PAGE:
Autism framework needs to be reassessed, says society rep
WORK to help people with autism has largely stalled, according to National Autistic Society Guernsey branch officer Catherine Hall.
In 2016, Health & Social Care approved The Guernsey Autism Framework, which said that there were significant gaps in provision for autistic adults and that previous attempts to improve this have not been sustained.
It made a series of recommendations for improvement and promised to measure what was being achieved.
Voicing her concerns following the unveiling of the Le Vieux Jardin project, which provides specialist homes for those with autism and learning difficulties, Mrs Hall said that the framework now needed to be reassessed.
Le Vieux Jardin provides eight bungalows. However, Health & Social Care has said that at least 30 people require such a service.
It is estimated that at least 650 people live in the island with autism in some form, but there is no way of knowing the exact number because there are currently limited diagnostic services – the children service is currently unable to operate and the adult service is restricted.
‘Work was done for the framework to identify gaps in provision for autistic people and the framework had a fair idea of what the gaps are. And yes, while the third sector does its best to plug different gaps because there are insufficient services, we have no accurate statistics to know exactly where all the gaps are. My son has autism, he needs some support and an understanding employer. It is only with low-key stuff – some ad hoc support like fielding calls to him.
‘However, because his employer is willing to make this adjustment he is in full-time employment and pays his taxes. But many are not so fortunate and experience social isolation.’
Mrs Hall says there is a disparate mix of people with autism in Guernsey and that many fall through the cracks.
‘The downside of the Autism Framework was that it was given to HSC to lead on with no ringfenced additional funding in place. So while Le Vieux Jardin has taken priority the rest of the strategy hasn’t really kicked off yet. Further meetings are now proposed to now take another look at the focus of the framework because the broader strategy hasn’t got going.’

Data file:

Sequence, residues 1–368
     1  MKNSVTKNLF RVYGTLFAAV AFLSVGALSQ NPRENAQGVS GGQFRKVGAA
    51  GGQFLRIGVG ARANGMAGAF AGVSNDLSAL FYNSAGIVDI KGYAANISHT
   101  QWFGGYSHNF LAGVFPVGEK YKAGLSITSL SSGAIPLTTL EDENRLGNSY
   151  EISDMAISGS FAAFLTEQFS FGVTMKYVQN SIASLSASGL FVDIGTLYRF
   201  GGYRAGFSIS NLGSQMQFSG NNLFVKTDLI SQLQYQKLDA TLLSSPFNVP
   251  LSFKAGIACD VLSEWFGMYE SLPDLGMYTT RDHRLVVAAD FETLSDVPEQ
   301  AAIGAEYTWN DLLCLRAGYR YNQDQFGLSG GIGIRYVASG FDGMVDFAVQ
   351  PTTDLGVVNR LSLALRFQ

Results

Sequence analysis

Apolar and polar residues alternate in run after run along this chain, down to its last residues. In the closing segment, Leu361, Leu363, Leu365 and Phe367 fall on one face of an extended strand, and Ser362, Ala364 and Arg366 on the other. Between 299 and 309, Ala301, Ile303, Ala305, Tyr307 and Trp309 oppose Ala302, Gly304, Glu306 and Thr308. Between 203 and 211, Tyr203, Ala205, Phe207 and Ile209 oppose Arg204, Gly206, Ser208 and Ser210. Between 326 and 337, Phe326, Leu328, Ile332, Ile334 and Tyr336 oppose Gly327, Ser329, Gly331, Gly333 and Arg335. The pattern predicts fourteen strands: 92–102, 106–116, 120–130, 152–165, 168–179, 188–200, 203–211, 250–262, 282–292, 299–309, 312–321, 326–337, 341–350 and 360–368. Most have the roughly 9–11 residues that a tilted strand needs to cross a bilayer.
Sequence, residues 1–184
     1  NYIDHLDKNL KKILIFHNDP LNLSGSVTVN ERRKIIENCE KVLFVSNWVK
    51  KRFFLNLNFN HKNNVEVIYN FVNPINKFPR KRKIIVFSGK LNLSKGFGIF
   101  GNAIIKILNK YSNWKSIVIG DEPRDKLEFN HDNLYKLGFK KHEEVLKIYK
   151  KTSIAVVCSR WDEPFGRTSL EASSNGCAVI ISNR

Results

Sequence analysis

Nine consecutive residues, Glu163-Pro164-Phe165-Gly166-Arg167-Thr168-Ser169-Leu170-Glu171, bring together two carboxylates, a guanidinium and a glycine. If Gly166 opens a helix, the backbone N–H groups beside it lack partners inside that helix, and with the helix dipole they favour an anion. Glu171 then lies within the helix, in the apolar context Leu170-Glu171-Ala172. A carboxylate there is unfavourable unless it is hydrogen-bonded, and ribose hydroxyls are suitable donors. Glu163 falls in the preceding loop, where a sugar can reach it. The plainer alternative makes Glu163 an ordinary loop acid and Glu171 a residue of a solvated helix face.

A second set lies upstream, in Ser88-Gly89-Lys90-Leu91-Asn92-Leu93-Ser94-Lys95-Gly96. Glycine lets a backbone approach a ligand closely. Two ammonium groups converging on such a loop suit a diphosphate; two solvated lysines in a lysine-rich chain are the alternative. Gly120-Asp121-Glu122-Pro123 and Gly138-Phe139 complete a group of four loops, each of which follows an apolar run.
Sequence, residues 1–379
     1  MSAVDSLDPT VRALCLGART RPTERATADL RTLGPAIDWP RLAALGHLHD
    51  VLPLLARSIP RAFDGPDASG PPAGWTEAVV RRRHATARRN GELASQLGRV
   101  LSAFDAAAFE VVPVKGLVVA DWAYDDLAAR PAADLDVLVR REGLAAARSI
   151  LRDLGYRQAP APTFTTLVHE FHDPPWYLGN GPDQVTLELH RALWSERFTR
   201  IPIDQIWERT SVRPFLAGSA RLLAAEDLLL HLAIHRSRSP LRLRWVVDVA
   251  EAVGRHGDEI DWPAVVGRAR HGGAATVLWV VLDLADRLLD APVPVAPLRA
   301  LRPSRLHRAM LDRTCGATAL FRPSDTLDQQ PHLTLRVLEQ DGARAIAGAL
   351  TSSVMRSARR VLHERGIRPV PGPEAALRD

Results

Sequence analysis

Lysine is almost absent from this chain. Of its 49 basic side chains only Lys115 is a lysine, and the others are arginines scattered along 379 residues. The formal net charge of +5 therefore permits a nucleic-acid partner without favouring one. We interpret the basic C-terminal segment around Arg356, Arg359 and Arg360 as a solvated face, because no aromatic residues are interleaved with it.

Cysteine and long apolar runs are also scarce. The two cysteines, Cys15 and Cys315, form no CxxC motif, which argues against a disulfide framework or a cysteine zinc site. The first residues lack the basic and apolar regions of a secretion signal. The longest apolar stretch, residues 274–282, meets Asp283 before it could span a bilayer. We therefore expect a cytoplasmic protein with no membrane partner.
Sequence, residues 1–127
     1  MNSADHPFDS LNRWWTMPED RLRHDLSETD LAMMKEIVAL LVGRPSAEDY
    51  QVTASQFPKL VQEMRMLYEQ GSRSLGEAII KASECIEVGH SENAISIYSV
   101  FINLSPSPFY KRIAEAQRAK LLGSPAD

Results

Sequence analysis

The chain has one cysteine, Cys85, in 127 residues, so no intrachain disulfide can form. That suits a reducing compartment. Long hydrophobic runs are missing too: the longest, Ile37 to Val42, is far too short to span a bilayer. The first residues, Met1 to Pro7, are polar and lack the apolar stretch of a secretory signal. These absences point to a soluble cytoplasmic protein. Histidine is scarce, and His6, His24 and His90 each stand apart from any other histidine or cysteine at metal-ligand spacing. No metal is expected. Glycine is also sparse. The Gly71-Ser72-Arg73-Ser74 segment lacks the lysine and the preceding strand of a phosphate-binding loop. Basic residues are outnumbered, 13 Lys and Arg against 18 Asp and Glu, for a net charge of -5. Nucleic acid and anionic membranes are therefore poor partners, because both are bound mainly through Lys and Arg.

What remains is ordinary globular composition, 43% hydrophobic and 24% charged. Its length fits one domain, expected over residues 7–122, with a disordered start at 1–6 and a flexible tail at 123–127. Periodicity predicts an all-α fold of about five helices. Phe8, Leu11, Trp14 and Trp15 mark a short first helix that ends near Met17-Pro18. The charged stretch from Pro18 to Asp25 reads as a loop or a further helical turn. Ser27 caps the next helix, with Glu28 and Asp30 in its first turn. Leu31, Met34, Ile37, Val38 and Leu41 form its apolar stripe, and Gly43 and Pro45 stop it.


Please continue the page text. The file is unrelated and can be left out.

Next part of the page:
While Mrs Hall wishes to make it clear that the project was needed, she wanted people to realise the focus should not purely be on facilities.
Staffing and diagnosing are as, if not more, important than the facilities themselves as each service either requires round-the-clock attention or specific qualifications – both of which are issues HSC faces when recruiting new staff.
‘Reflecting what Deputy Heidi Soulsby said when opening the project, it is not just about the buildings, the staff are so vital. We need a diagnostic service on island. With less obvious conditions people often develop masking techniques, for some children early identification is more beneficial, you need a fall back for older people who are undiagnosed because it becomes more obvious at different points in life. If we go back to the 1980s all those who suffered with severe learning difficulties, as well as autism, were diagnosed because it was recognised due to the learning difficulty but it can be and is much more subtle than that.’
Mrs Hall says that the third sector cannot be the only form of employment for people with autism.
‘You get those who fall through the cracks. They are not disabled enough for 24/7 care service but they are too disabled to be granted assistance from the Guernsey Employment Trust. It is great to have a framework, but with no services it doesn’t really go very far. It seems the bottom line is funding, even though provision of more and varied care could quite feasibly be less costly in the long run.’
Having had ‘some really positive discussions’ with HSC, Mrs Hall is hopeful of progress.